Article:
A real laser Cannon:

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It's real. Our company is involved the pretest predictions and post test analysis.

Hey I didn't say where I saw it. And besides, the program itself is not classified.

The first time I saw a Airborne Laser was up in Alaska, while I was still on active duty. They flew this one into Elemendorf for a few days: Airborne Laser
My engineering magazine did an article about them some time ago. Summary: Lasers are still too big and require too much energy to be of much military value. However the research continues to advance and remains promising.
The two current prototype airborne laser platforms are The 747 Airborne Laser (ABL) and the C-130 Advanced Tactical Laser (ATL). Both laser systems are Chemical Oxygen-Iodine Lasers (COIL). The existence of the programs is not classified, but naturally system specifications and capabilities are.





And to show there really nothing new under the sun...

A large Carbon Dioxide Gas Dynamic laser (CO2 GDL) was installed in a modified KC-135A AKA Airborne Laser Laboratory (ALL) in the 70's and tested in the 80's.



I've seen both the ALL and ATL up close, but haven't yet seen the ABL.

I have way too much fun playing with laboratory versions of these systems... ;)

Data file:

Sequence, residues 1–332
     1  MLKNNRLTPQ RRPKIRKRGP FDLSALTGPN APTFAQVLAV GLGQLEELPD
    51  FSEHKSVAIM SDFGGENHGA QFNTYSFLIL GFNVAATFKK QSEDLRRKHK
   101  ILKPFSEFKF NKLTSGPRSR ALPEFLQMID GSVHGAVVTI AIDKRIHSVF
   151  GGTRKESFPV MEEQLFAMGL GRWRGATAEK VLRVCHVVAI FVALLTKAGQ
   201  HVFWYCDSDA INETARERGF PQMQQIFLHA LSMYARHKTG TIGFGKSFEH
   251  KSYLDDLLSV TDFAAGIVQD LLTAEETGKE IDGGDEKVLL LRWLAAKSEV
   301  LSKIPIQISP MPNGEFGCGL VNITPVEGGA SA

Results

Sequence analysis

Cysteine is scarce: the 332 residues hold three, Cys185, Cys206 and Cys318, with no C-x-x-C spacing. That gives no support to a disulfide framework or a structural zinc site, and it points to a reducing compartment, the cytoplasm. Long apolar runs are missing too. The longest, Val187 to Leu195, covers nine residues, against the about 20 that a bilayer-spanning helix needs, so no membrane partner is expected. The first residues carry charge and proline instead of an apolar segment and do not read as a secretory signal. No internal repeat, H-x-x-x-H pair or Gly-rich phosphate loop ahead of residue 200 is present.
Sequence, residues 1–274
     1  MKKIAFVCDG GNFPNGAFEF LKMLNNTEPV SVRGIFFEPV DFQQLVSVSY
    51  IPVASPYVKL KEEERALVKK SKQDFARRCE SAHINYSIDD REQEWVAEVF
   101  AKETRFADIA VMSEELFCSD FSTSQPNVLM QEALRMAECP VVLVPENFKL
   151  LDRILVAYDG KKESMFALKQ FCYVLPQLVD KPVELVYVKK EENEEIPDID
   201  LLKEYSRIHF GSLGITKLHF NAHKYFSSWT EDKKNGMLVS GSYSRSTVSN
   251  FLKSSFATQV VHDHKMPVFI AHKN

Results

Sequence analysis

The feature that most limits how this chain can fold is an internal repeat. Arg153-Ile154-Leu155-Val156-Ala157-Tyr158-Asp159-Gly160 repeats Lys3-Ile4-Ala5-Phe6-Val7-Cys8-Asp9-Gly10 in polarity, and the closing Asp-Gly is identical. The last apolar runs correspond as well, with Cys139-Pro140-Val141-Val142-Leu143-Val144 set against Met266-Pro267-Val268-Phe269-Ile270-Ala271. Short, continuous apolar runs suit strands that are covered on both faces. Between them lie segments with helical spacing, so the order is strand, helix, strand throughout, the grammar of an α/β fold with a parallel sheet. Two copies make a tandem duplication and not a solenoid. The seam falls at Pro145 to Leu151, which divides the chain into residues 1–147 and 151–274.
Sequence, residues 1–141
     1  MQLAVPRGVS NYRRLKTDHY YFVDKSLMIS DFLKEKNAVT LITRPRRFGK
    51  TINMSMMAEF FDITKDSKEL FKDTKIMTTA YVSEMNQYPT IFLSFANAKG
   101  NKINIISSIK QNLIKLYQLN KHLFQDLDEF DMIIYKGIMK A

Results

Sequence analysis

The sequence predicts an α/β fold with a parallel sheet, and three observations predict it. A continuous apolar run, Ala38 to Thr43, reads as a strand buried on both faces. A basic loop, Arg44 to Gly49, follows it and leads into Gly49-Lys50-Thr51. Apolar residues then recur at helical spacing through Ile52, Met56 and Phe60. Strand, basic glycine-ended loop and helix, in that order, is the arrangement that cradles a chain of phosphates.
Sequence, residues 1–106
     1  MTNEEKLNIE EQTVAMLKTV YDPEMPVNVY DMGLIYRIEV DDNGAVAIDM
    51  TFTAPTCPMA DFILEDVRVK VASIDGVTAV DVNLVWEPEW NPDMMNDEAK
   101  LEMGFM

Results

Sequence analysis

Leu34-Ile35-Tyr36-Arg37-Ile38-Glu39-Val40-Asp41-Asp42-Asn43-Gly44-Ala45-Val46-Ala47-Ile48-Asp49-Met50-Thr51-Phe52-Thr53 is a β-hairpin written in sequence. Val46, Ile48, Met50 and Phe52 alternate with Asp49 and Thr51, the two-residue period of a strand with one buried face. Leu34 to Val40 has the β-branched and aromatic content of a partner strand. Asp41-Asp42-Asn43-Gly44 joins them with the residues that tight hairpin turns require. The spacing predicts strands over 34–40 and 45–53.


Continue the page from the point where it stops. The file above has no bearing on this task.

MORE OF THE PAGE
Actually, lasers have been used in combat since the '80s.

Lasers Blinding Pilots

. . . don't ask me how I knew. ;)
While I have no reason to doubt that laser blinding has been employed in combat, the news paper article that you reference was based on the Defense Intelligenence Agencies' Soviet Military Power 1985 Report, an American propaganda document fraught with errors designed to garner public support of Regan's efforts to break the Soviet Union by fueling a very expensive arms race which in the end worked as he planned.


Time to buy was about 12 months ago. With the 787 coming on-line, fingers crossed, by the end of the year our prices will go up, along with the rest of the market.
Both laser systems are Chemical Oxygen-Iodine Lasers (COIL).

And some of the chemcals are really really really nasty. (You thought hydrazine was bad?) It's a good thing this will be a military program because if it was headed for a civilian/commercial application you would have a hard time finding volunteers to work in the vicinity of this stuff.

I wish I could say what other companies are working on...